Jay Z's 99 Problems: Music Stars Aren't Very Good at Launching Startups
One of the greatest struggles for any entrepreneur starting a new company is getting noticed. Not if you're Jay Z, who can simply call up a dozen or so of his closest friends, such as Kanye West, Madonna, and Deadmau5, to join him onstage. Problem solved.
But music fans thinking about throwing their legs on the table and signing up for Tidal may want to hang on to Spotify or Beats Music a little longer. Famous musicians don't usually make very good technology executives. Launching a successful music career does require a certain amount of business acumen, but the skills don't always translate to the fast-evolving world of tech. And Jay Z's pitch on Monday asking people to pay double the price of competing services in exchange for higher-fidelity tracks and extra cash for artists isn't a lock.
Pop idols such as Lady Gaga and Justin Bieber are becoming prolific tech investors, and Bono has been particularly effective with his venture capital firm, Elevation Partners. As for managing tech companies, Dr. Dre proved it can be done. The list of crossovers from music star to tech business savant falls off from there.
Here are four celebrities who gave the tech thing a shot but haven't turned out to be the next Steve Jobs.
If the message behind Tidal feels like déjà vu, it's because Neil Young has been beating the drum for high-fidelity digital music for years. The renowned folk musician's endorsement of a startup called Pono Music, which makes a portable music player capable of playing high-def audio files, helped it raise $6.23 million last year on the crowdfunding site Kickstarter. Young's involvement hasn't produced a very good product, though. Ars Technica, reviewing the $399 PonoPlayer, called it "snake oil." Gizmodo said Pono's underlying logic is "junk science." A blind (or deaf) sound test conducted by Yahoo!'s David Pogue ruled in favor of the iPhone. Despite Young's struggles as a startup founder, he's an unwavering critic of compressed audio. He said in 2012 that he had worked with Jobs at Apple on an iTunes-like service to sell high-fidelity tracks. In the new book Becoming Steve Jobs, a quote attributed to the Apple co-founder shows a not-always-amicable working relationship: “F--- Neil Young,” he snapped, “and f--- his records.”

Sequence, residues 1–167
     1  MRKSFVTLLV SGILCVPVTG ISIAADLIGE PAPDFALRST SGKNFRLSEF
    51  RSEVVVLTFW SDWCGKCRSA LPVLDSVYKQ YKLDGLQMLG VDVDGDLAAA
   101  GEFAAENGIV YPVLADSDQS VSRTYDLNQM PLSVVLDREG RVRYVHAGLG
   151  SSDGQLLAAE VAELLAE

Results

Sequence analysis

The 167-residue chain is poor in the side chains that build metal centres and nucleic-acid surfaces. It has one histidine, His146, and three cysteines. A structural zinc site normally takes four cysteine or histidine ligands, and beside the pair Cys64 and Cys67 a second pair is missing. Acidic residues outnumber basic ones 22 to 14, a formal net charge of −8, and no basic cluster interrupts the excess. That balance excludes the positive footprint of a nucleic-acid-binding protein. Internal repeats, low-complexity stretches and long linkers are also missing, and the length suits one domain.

Curtis Jackson, better known as 50 Cent, had already demonstrated his business cred with G-Unit Clothing and an investment in Vitaminwater, which Coca-Cola bought in May 2007 for $4.1 billion. (A month later, 50 Cent dropped his new album, along with the single Straight to the Bank.) Noticing the success of his friend Dr. Dre at Beats Electronics, Fitty decided to get into tech. In 2011, he bought a majority stake in a rival headphone maker, renamed the company SMS Audio, and installed himself as chief executive officer. Despite the celebrity endorsement, SMS Audio is an afterthought in high-end headphones. Research firm NPD Group told CNBC last year that 50 Cent's company had less than 1 percent of the high-end headphones market by revenue. SMS is working on new hardware with Intel that includes biometric sensors to keep the company's heart beating.
After making his debut as a fake digital music executive in The Social Network, Justin Timberlake decided to become a real one. In 2011, he became a co-owner of Myspace, the social network that, in fact, still exists. Timberlake appeared onstage at a Myspace news conference in January 2013, and his face welcomed visitors to the redesigned website. (Sorry, Tom fans.) Timberlake in a suit and bow tie hasn't been enough to revitalize the website that was once home to some of the worst design on the Internet.
You would need a LinkedIn Pro account to keep track of the Black Eyed Peas frontman's career in the tech industry. Intel named Will.i.am as the company's director of creative innovation in 2011, and last year 3D Systems made him chief creative officer for the 3D printer maker. Silicon Valley's favorite creative celebrity struck out on his own late last year with a startup called i.am+. Fast Company described i.am+'s first product, a $399 smartwatch called Puls, as "stupid." The startup recently hired a prominent Sony Electronics exec and teamed up with Gucci, but it's a race against the clock until the Apple Watch comes out and probably swallows the market. That clock will chime in 24 days.